By members of the Roman Catholic Church of the present day the mediaeval canon law is still regarded as law in so far as it has not been changed by any competent ecclesiastical authority; but very considerable changes were introduced by the Council of Trent, and during the last three centuries the popes have legislated from time to time about many matters. The three statute-books issued by Gregory IX, Boniface VIII, and John XXII, are still statute-books, but they are old statute-books, and the law that is contained in them has been definitely and expressly altered at numerous points. The decisions and practice of the various tribunals and “congregations” at Rome would also have to be considered by anyone desirous of knowing the existing law about any particular matter. How far this system of law can be actively enforced in any given country is a different question, which in some cases is answered, at least in part, by a “concordat” between the See of Rome and the civil power. By English Courts the canon law of the Roman Catholics can only be regarded as a system of rules voluntarily accepted by the members, or at all events by the clergy, of a “non-conforming” religious body. The existence of a particular rule would therefore be, not a matter of law, but a matter of fact to be proved by the evidence of experts. Much information touching this point will be found in O’Keeffe v. Cullen, specially reported by H.C. Kirkpatrick (Longmans, 1874).
According to the theory propagated by the canonists of the classical age there was a great mass of law which was common to the universal Church (ius commune). Some room was left for local variations. In the first place, a metropolitan might make statutes for his province, and a bishop might make statutes for diocese, and these would be valid if they did not contradict law which proceeded from a higher source, in particular from the pope, and were in harmony with the first principles of ecclesiastical jurisprudence. In the second place, some respect was due to the customs of dioceses and provinces, provided that such customs were “prescript and laudable.” Further, it was admitted that in certain cases a rule of statutory origin, even though it came from the apostolic see, might become obsolete, owing to non-observance. However, the space thus allowed for divergence from the ius commune was by no means very wide.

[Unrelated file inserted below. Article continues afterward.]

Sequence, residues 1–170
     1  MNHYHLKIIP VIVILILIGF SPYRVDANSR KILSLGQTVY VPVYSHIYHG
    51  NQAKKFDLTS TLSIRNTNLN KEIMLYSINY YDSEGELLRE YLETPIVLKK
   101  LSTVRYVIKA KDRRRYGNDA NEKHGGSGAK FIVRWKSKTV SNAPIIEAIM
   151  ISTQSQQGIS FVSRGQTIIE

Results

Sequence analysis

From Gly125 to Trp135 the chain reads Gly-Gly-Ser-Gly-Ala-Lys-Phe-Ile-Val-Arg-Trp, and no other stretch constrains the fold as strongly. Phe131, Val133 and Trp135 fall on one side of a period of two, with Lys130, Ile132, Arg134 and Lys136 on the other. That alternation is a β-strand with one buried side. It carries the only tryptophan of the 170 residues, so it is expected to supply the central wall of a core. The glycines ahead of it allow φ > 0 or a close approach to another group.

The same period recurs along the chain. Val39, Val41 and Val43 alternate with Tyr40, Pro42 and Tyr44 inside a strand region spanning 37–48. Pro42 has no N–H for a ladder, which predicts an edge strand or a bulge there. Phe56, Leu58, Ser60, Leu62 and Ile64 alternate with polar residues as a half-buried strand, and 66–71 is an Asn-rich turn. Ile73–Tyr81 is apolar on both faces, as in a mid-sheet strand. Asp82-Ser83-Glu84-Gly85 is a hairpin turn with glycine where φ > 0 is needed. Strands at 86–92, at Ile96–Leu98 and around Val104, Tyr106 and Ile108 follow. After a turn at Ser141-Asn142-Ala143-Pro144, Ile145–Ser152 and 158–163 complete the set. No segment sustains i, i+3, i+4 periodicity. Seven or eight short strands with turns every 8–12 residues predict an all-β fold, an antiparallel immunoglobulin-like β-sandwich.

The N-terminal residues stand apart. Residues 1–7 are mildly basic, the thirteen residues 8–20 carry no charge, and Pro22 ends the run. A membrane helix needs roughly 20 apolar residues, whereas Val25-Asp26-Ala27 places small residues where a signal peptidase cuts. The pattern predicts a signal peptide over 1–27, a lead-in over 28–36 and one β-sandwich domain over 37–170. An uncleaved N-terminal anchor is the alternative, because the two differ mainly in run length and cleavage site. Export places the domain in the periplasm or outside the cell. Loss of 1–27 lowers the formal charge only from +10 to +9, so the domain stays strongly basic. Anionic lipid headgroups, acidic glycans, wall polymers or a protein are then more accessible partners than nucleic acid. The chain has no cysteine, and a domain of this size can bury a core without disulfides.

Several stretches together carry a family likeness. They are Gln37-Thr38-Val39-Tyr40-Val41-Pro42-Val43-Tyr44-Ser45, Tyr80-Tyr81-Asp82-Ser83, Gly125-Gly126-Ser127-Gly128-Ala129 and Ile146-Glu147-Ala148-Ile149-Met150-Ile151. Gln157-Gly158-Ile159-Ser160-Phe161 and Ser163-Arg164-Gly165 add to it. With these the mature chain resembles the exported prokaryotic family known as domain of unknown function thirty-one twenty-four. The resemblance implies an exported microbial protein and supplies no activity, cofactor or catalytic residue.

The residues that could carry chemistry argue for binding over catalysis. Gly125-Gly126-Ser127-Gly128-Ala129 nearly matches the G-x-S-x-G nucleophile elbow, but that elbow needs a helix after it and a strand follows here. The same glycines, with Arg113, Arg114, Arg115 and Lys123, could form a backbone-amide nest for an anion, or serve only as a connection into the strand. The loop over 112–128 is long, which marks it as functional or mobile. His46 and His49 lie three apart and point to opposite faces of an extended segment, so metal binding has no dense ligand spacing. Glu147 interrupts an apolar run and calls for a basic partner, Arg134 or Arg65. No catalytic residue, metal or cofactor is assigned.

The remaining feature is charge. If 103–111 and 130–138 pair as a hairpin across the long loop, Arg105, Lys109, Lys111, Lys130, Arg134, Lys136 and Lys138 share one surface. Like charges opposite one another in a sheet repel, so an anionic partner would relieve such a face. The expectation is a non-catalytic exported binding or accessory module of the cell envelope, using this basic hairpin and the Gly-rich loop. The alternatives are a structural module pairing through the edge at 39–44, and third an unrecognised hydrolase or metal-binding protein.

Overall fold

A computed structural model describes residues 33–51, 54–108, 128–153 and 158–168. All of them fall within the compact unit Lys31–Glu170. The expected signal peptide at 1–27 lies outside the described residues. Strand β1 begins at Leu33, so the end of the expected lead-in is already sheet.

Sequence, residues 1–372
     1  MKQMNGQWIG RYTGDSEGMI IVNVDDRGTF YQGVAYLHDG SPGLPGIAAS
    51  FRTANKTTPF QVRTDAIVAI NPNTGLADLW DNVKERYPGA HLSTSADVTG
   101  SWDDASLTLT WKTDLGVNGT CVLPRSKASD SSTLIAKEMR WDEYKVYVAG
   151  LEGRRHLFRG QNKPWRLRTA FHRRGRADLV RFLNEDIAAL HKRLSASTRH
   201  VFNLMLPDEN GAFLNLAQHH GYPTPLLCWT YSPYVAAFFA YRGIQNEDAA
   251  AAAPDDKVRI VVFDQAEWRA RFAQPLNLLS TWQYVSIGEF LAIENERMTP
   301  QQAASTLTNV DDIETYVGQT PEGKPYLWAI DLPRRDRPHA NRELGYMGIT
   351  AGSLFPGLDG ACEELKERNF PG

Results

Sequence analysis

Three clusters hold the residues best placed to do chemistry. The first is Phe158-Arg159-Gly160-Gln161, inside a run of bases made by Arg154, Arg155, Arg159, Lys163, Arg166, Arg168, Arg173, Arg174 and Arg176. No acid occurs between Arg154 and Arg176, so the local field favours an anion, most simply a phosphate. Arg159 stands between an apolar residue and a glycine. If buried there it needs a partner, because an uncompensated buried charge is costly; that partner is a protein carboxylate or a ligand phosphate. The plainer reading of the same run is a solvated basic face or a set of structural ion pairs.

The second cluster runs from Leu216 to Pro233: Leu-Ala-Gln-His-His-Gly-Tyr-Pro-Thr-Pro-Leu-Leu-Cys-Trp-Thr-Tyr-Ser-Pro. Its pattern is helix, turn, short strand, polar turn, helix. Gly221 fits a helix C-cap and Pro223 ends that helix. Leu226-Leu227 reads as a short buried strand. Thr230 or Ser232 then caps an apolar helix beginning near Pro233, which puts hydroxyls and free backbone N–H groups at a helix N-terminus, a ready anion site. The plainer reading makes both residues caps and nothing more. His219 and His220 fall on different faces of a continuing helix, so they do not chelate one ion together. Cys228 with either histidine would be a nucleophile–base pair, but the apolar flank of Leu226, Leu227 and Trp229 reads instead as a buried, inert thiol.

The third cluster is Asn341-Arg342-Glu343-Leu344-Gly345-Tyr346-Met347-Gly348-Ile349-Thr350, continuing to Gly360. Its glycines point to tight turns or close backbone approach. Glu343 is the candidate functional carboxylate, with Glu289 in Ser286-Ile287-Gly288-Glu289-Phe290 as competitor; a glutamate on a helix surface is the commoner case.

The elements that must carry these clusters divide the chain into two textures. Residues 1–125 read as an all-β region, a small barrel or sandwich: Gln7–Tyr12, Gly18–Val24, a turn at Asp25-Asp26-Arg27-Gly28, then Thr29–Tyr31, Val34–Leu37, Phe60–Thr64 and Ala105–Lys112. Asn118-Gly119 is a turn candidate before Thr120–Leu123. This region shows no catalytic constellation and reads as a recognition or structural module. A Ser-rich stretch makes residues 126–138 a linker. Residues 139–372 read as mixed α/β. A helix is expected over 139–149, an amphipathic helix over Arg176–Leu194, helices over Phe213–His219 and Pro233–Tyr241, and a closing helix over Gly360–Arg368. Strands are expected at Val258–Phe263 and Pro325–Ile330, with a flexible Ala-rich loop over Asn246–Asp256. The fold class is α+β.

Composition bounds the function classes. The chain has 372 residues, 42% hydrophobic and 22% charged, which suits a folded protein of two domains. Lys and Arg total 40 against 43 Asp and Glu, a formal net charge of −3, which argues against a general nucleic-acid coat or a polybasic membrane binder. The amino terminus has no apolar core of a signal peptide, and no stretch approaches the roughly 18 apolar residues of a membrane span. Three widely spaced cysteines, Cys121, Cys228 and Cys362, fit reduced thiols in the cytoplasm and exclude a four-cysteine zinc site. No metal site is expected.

The two best known works of English mediaeval canonists deal directly with local English law. One John of Acton, Ayton, or Athon, a canon of Lincoln, published (1333-48) a glossed version of the constitutions given to the English Church by the papal legates, Otto and Ottobon. In 1430 William Lindwood, being then the principal official of the Archbishop of Canterbury, published a glossed version of the constitutions given to the southern province by its metropolitans from the time of Stephen Langton downwards. The object of both books (a good edition of both in one volume was issued at Oxford in 1679) was to harmonise these local statutes with the general system in the ius commune. Uniformity in the law was secured by the appellate jurisdiction of Rome. Appeals were permissible at almost every stage of every suit, though the inferior judge was not always bound to “defer to” (i.e. to stay proceedings during) an appeal which he considered frivolous. But further, the doctrine gained ground that the pope was the judge ordinary of every man, and therefore that a plaintiff, neglecting all lower Courts, might, if he pleased, go straight to the supreme tribunal. This procedure was very commonly adopted by English litigants in the twelfth and thirteenth centuries. The first step which the plaintiff took was to “impetrate” a writ from Rome, which usually committed the cause to two or three English prelates, who would hear it in England, and in so doing would be acting as the pope’s delegates (iudices delegati). The writ sometimes gave them instructions as to the rules of law that they were to apply, and sometimes instructed to them no larger duty than that of deciding questions of fact.